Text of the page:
Plan sponsors are furious at Labor Secretary Robert Reich for his handling of the much-publicized results of a series of 401(k) plan audits.
And, they and consultants say a legislative initiative from the Labor Department would dampen 401(k) plan formation and endanger the continuation of smaller existing plans.
The Department of Labor is attempting to get introduced this week legislation that would end limited scope plan audits, require more intensive education for auditors and effectively turn them into policemen for the government. Under the ERISA Enforcement Improvement Act of 1995, auditors would be required to report serious ERISA violations to the plan administrator almost immediately upon their discovery of irregularities.
Many sponsors have had to calm participants who are worried their employer might be among those that misappropriated employee contributions.
"I really take offense (at) the way the DOL and the media handled this issue. Both blew it way out of proportion and planted doubt in people's minds where there was no reason for it," said James Canalichio, vice president-accounting at Dixon Valve & Coupling Co. Inc., Chestertown, Md. Dixon Valve has about $10 million in 401(k) assets.
"I resent being generalized with the few plans causing problems, when we've been a good corporate citizen and have done our best to provide a really good plan."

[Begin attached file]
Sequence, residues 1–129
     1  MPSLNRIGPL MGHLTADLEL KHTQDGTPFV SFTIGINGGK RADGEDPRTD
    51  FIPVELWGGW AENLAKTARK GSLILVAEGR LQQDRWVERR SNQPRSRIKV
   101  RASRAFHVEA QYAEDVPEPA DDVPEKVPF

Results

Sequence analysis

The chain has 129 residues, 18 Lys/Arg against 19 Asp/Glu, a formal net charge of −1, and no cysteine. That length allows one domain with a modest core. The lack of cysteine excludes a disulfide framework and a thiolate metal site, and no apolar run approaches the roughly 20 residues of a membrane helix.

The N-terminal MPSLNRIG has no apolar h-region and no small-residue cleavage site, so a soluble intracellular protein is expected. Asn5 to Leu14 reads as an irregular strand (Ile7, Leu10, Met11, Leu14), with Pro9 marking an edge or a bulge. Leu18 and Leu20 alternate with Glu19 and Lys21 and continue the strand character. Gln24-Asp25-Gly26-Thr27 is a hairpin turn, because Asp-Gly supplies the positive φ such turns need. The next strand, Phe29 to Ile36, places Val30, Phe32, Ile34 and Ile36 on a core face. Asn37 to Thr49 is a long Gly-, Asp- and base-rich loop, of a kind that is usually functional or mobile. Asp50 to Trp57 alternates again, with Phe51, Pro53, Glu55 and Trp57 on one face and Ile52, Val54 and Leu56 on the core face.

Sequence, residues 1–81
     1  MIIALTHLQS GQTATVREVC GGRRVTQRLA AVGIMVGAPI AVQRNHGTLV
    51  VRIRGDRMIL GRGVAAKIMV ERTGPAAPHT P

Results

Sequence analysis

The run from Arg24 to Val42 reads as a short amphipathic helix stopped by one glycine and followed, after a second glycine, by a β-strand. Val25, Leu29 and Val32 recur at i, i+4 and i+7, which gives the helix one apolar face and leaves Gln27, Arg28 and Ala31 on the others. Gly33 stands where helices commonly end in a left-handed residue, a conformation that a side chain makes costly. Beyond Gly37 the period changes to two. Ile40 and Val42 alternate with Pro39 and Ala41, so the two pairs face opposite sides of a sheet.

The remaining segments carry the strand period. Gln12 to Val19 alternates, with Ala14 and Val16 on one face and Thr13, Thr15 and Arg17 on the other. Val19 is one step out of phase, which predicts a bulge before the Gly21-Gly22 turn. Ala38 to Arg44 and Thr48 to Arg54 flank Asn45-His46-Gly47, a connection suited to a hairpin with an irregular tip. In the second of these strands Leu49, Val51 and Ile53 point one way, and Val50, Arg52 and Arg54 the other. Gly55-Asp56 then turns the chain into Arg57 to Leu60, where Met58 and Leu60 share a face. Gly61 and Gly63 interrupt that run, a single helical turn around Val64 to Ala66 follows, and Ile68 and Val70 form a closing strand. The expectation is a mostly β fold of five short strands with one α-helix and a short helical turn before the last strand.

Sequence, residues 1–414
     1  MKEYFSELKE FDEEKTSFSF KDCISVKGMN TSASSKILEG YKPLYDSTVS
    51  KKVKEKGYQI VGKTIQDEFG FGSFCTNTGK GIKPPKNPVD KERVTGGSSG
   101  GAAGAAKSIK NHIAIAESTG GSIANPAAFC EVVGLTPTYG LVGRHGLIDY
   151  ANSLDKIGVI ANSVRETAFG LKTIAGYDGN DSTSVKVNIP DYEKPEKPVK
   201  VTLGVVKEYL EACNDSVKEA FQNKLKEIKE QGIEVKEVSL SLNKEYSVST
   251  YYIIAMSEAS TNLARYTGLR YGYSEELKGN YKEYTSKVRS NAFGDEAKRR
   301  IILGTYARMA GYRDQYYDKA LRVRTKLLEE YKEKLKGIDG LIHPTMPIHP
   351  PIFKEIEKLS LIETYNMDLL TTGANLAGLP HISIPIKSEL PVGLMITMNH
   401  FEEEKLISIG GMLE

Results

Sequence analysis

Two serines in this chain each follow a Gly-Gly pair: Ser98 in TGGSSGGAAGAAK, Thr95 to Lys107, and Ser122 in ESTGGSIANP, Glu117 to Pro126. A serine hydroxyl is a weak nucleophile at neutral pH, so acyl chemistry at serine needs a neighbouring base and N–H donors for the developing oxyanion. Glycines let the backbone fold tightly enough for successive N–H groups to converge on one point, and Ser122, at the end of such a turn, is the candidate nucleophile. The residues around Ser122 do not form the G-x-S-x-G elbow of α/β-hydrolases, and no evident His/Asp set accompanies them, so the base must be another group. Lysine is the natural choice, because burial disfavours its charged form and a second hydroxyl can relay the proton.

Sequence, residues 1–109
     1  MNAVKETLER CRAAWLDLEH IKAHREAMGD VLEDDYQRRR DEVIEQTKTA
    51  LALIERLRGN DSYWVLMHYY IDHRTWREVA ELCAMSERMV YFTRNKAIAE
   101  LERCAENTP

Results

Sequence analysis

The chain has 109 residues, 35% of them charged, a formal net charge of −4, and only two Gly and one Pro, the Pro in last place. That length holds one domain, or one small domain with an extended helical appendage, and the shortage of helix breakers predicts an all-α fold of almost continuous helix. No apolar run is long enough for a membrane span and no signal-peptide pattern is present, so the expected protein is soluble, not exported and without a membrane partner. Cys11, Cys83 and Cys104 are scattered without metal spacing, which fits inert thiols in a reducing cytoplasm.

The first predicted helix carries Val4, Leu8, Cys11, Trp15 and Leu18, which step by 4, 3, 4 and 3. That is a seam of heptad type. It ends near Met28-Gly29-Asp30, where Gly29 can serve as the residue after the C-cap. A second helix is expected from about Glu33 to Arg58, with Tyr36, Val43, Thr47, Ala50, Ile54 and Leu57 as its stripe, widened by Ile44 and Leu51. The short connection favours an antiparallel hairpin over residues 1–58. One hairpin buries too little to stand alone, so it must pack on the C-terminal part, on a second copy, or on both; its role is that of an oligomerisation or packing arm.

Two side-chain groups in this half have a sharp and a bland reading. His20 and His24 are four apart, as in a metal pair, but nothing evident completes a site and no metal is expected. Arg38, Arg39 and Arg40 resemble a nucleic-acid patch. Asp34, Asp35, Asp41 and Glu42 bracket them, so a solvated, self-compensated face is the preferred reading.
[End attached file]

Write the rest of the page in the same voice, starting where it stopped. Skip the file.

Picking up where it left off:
Service providers report, based on calls to voice-response systems, that participants in small to midsized 401(k) plans seem most worried about Mr. Reich's revelation that some plan sponsors have misappropriated employee contributions to their defined contribution plans.
Ironically, it is those smaller plans that would be most adversely affected by the changes Mr. Reich is proposing.
Certainly, many 401(k) plans of all sizes already meet or exceed the requirements the Labor Department will likely try to introduce.
For example, most companies move employee contributions to the plan's record keeper as soon as employees are paid. That meets the Labor Department's requirement of the lesser of 90 days or what is "reasonable." Others may collect employee deferrals and post them monthly in a lump payment to the record keeper.
Most plans have independent third-party trustees, and many conduct full audits of their plans; the Labor Department is proposing that full audits be required to replace limited-scope audits.
"As it is, we are getting audited to death and it's costing the company a fortune," complained Dixon Valve's Mr. Canalichio. "We're a pretty small company and it costs us a lot to conduct these audits, but we do a full-scale (audit) now as a matter of principle. But I really think if the DOL is so interested in getting everyone to do these audits, they ought to come out and do it themselves."
The expanded audit requirement will be expensive for sponsors of small plans, said Paul Doxsee, vice president of administration at Pension Solutions Inc., St. Paul, Minn. Pension Solutions services more than 500 small 401(k) plans, many of which perform only the limited-scope audit.
"Running a 401(k) plan is a significant cost for a small company. Requiring an independent full audit on top of everything else may prove too expensive to maintain," Mr. Doxsee said.